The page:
A campaign for Connecticut’s Governor should take into account the outsized impact that China has had on our economy. Where manufacturing once made up 49.6 % of Connecticut’s economy in 1950 according to the report of the CT Office of Policy and Management, 16 September 2015, it had declined to 12.2% in 2010 and to 10.74% in 2014. (Wikipedia). A healthy economy requires a strong manufacturing base. We now learn that from our naïve approach to the modernizing China under Deng Xioping, the United States failed to adequately address the technology transfers and thefts by the Chinese over the decades. We now know that they are running a mercantilist system with coordinated policies to invest in; steal from; and, dominate industries here and in other countries. In the mid-1980s it was in the United States’ interest to help China recover from the abject poverty of the Communist economy and to strengthen a foe of the Soviet Union. Once the Soviet Union collapsed in 1991, the latter policy was no longer as pressing. Regardless, the general optimism towards China’s possible development as a market economy and transitioning to a more liberal political order has been dashed along with our manufacturing capabilities.

        Today, our industries are under extreme pressure from Chinese businesses. While the typical Chinese “expert” lauded the reforms of the present dictator, President Xi Jinping, the reforms in 2015 were only to replace unreliable government officers with reliable members of the Communist Party. That would be a purge to ensure the primacy of the Communist Party into the foreseeable future. I had written this to the Wall Street Journal in August, 2015, but they did not publish it as they are compromised themselves. (Link to letter pg. 1) (Link to letter pg. 2) The WSJ has so many advertising and business interests that they cannot offer a candid view of what China is today. They would lose millions as would most major media outlets.

        In 2010, Niall Furgeson, a leading economist and historian from Scotland and Harvard, wrote an engaging piece in the Wall Street Journal: In China’s Orbit. (Link to China’s Orbit) It had a generally positive spin on China’s prognosis and was written in a way reminiscent of the history texts I read in college. I disagreed with the major premise that China would inexorably roll forward. I wrote the WSJ and laid forth about 6-8 different reasons China had a more difficult path forward.. (Link to letter to editor pg. 1) (Link to letter to editor pg. 2) China’s dictatorship lacks legitimacy. The Chinese Communist Party has never held nor stood for a free public election. It is a dictatorship of the proletariat in its socialist phase. The macro bets are impressive with gleaming cities such as Shanghai, but as Japan did decades ago with Japan Inc., we have witnessed busts when government makes huge investments of capital in an industry, which is rendered obsolete by new inventions? China also has ruinous levels of air and water pollution and a questionable food supply. The elites educate their children abroad and even have mothers go to other countries to have their babies to achieve citizenship for their babies. While America has a shrinking work force. China has a bigger population problem twenty five years hence due to their one child policy. And she certainly does not have a political system to sell to the world as it is a tired dictatorship that could never face a free election.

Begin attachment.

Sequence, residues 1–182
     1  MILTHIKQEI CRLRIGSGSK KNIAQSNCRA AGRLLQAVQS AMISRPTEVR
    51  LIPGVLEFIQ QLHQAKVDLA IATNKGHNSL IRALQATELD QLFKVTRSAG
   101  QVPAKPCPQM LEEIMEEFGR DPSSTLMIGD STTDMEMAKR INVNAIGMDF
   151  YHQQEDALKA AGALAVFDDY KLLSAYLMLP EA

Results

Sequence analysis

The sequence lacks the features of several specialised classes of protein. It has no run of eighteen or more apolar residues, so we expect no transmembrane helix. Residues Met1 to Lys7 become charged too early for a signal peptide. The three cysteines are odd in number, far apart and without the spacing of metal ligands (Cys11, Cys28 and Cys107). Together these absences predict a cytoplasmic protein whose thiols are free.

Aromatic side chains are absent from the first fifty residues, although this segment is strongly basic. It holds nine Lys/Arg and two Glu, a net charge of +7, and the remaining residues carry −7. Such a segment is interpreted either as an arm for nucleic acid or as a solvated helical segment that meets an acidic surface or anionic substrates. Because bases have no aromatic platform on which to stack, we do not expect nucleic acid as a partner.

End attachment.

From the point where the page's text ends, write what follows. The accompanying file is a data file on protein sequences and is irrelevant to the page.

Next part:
How can Connecticut compete better? We need to lower the cost of electricity in Connecticut from one of the highest in the country. We should ensure a robust supply of natural gas to power our state’s manufacturing base. We should not ignore the job killing Administrative State. But let us continue with the mercantilist policies of China.

        If you want to do business in China, the rules are not as welcoming as in the United States and Connecticut. According to Attorneys Heffels Spiegeler in January, 2015, there were four categories of industry: “encouraged,” “restricted.” “prohibited” and then all the rest which had not been categorized. There were 38 prohibited industries. And then there is the “Sino-Foreign” joint venture rule and the “majority Chinese ownership or Chinese party controlling” rule for another 15 industries. And then there were 35 industries that the foreign investor could only own 50% or less of. What obstacles did and do Chinese companies have from buying and investing in companies here? Few. Certainly some defense related industries would be off limits.

        And let us not forget that major Chinese corporations have members of the Communist Party, whom must be consulted in business strategy and investments. The Communist Party members are looking out for the Communist Party of China, whose goals are not parallel to those of the free West.